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Carnatic music practice - if you are a singer of Carnatic music, here are some useful basics of music practice.
Practice early in the morning. This is useful because you're on an empty stomach and not sleepy. It's also a time when it's quiet and you won't be distracted by duties and random sounds all over the place.
You will first want to turn on a tambura or sruti box. Your teacher can teach you how to tune it - make sure you learn properly, and learn what pitch you usually sing to. If you don't have either of these, record the tambura sound or sruti box on a tape and play it while you sing, on both sides (so you can just play the other side of the tape when one side is done).
Listen to the tambura, sruti box, or a tape of the tambura or shruti box for three to five minutes. This will help get you in the music mood and will help calm you, too. Just sit and listen and breathe with the notes.
Watch your posture. You should be sitting with legs crossed and arms at your thighs, preferably. Sit up - no slumping or slouching, keep your chin up (but don't look up), and look straight ahead. Don't hold your breath but take deep breaths, pushing your diaphragm (and stomach) OUTWARD when you breathe in and letting it sink back when you exhale thoroughly.
Your singing can begin with Sa. It's useful to begin singing in a raaga like maayamaaLava gowLa or shankaraabharaNam. Hold the sa for as long as you can. If you run out of breath, try again. With practice you'll be able to hold your breath longer. It helps to push your stomach outward when you are trying to hold the sa to push more air out of your lungs. Use your breath sparingly, and don't exhale all the air at once, but DO sing loudly and freely. As teachers say, you must really "sing from your stomach," which lets the vibrations come from your stomach to your chest, then your throat and finally your mouth, giving a rounded, rich tone to your voice.
Your mouth and neck should also be straight. When you sing, avoid shaking your head too much. When you sing gamakas, they should not REQUIRE shaking of your head, so hold your head upright. Keep your chin back towards your neck and not sticking out (like a duck), with your shoulders back. Imagine the sound coming from the back of your throat, not the front of your mouth. Sing in front of a mirror or get someone to watch you and point out what you're doing wrong occasionally.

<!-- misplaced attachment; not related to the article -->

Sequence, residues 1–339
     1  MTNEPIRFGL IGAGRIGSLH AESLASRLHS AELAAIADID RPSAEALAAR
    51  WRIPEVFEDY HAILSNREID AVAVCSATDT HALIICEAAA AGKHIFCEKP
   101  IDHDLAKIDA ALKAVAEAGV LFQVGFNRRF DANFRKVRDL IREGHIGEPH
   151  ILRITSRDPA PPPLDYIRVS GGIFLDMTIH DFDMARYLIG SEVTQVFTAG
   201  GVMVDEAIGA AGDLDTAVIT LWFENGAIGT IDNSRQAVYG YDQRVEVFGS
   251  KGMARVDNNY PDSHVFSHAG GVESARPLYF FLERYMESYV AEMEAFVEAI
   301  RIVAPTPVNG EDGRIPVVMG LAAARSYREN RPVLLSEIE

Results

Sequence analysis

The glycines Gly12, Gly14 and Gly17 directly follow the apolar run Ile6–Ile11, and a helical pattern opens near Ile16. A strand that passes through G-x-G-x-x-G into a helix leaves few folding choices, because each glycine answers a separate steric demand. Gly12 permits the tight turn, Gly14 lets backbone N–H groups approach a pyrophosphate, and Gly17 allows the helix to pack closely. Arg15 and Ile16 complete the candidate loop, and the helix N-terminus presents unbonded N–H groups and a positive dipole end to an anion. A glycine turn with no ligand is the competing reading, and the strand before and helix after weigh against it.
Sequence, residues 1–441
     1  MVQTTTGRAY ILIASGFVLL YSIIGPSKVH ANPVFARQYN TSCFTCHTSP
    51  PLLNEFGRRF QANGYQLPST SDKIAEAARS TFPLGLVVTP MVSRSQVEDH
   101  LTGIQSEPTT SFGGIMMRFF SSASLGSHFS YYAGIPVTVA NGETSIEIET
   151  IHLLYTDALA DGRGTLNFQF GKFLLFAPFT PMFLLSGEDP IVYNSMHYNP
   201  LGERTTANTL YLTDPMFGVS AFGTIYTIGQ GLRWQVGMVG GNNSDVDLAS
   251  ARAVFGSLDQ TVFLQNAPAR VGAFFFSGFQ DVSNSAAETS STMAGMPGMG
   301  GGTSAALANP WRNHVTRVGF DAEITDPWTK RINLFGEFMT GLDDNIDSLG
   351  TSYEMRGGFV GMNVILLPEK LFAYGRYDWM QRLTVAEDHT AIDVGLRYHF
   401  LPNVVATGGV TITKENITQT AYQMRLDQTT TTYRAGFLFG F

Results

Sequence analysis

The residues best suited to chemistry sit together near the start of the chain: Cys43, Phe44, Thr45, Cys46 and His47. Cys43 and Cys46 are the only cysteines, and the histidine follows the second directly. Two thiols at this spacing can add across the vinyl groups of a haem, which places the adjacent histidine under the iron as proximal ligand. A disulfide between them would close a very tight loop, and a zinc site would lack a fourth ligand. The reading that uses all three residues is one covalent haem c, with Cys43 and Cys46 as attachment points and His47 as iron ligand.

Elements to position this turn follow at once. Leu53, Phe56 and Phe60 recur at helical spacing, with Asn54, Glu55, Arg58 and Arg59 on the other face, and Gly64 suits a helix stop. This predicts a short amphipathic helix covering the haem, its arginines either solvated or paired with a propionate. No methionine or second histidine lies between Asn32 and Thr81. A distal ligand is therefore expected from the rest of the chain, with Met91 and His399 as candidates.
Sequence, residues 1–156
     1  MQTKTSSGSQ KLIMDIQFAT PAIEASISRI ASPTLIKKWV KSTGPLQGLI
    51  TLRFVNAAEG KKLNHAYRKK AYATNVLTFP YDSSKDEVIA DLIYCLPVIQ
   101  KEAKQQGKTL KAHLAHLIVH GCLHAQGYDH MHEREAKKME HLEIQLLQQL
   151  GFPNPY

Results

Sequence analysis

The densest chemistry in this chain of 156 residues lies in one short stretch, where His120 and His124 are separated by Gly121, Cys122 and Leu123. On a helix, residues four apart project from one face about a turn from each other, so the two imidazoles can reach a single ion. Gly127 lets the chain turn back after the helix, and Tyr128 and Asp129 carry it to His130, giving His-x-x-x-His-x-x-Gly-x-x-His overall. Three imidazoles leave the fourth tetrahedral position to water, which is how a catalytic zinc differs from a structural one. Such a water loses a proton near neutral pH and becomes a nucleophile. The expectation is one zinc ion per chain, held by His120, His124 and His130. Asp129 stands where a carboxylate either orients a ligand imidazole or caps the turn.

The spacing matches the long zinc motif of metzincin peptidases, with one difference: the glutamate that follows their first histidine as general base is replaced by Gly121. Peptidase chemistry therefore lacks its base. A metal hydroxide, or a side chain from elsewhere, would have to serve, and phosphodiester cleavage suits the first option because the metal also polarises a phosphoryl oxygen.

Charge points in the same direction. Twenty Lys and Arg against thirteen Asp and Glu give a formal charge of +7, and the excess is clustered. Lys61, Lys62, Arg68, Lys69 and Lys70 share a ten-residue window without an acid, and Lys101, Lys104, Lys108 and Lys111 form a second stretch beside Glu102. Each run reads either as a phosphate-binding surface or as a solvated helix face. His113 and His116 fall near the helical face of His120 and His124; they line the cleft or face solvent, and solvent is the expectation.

After you sing sa, you can vary around the sa, as in sn.srssn.n.p.n.n.srrsnrs This practice of varying around a note will allow you to extend your range lower. After varying around sa, you can vary around low ni, etc. Slowly sing sa, and work your way up to singing ri next. From there go to ga, ma, pa, da, and ni, and finally high sa, holding each note as long as possible. At first you may only be able to hold the notes for 10 seconds, but eventually you should be able to hold notes for an entire minute, clearly and strongly without gasping for breath.
From here you can sing the sarali varisais, janta varisais, daaTu varisais and the other beginners' lessons, found here. Sing the lessons at different speeds: one note per beat, then two, then four, then finally (when you can) eight notes per beat. These exercises will improve your ability to say the swaras, improve your breath, extend your range, and most importantly, understand the swarastaanas - that is, sing the proper, steady pitch for each note at whatever speed.
You should also split the swaras properly. Thus srgsrgsr should not be sung as just a string of swaras. It is made of small phrases: srg - srg - sr. Pay attention to these, because they make the difference between just singing what is written and bringing out the composer's (or singer's) knowledge of music.
These exercises include various forms of gamakas, and you can see them in the swaras you sing. To improve your gamaka, you can also sing the phrases next with the sound aaa... instead of the swaras. Then try other syllables, like eee..., ooo..., ayyyyy...., aii...., mmm...., ohhhh.... etc.
Add the taaLam when you are proficient at the early lessons. This will be useful especially when singing in the four speeds. Concentrate on keeping the taaLam on your lap, not beating too hard but lightly and lifting the palm at each beat, even on the laghu. Do not get lazy with you taaLam!
When you have a particular song you are going to practice, it's useful to do this practice of the early phrases in the raaga. If it is not a sampoorna raaga (with some swaras missing), you can adjust the phrases accordingly. For example, with a raagam like mOhanam you can sing:
When you have a raaga now firmly based in your head, you can go on to sing songs. Keep in mind that the splitting of phrases you do with the swaras of a song may be very different from those of the words. Learn the meaning, composer, and raaga of every song you learn in addition to just the words. Know the proper splitting of words, so you won't accidentally take a breath in the middle of a word and maybe even offend some people!
If you are singing a song, pay special attention to the words or lyrics of the song. You should pronounce them properly and clearly, without splitting words in half. Find out from your teacher, a friend, or on this site the complete lyrics and full meaning of the song so that you understand each word as well as the complete meaning of the song. Try to keep the meaning of the song in mind - the composer has created it with such feeling, and you must convey that to your audience to make the music melodious and true to its creator.
Proper practice is vital to good voice cultivation and knowledgeable and beautiful singing. Don't get disheartened - small amounts of daily practice whenever you can add up, and you will improve every day!
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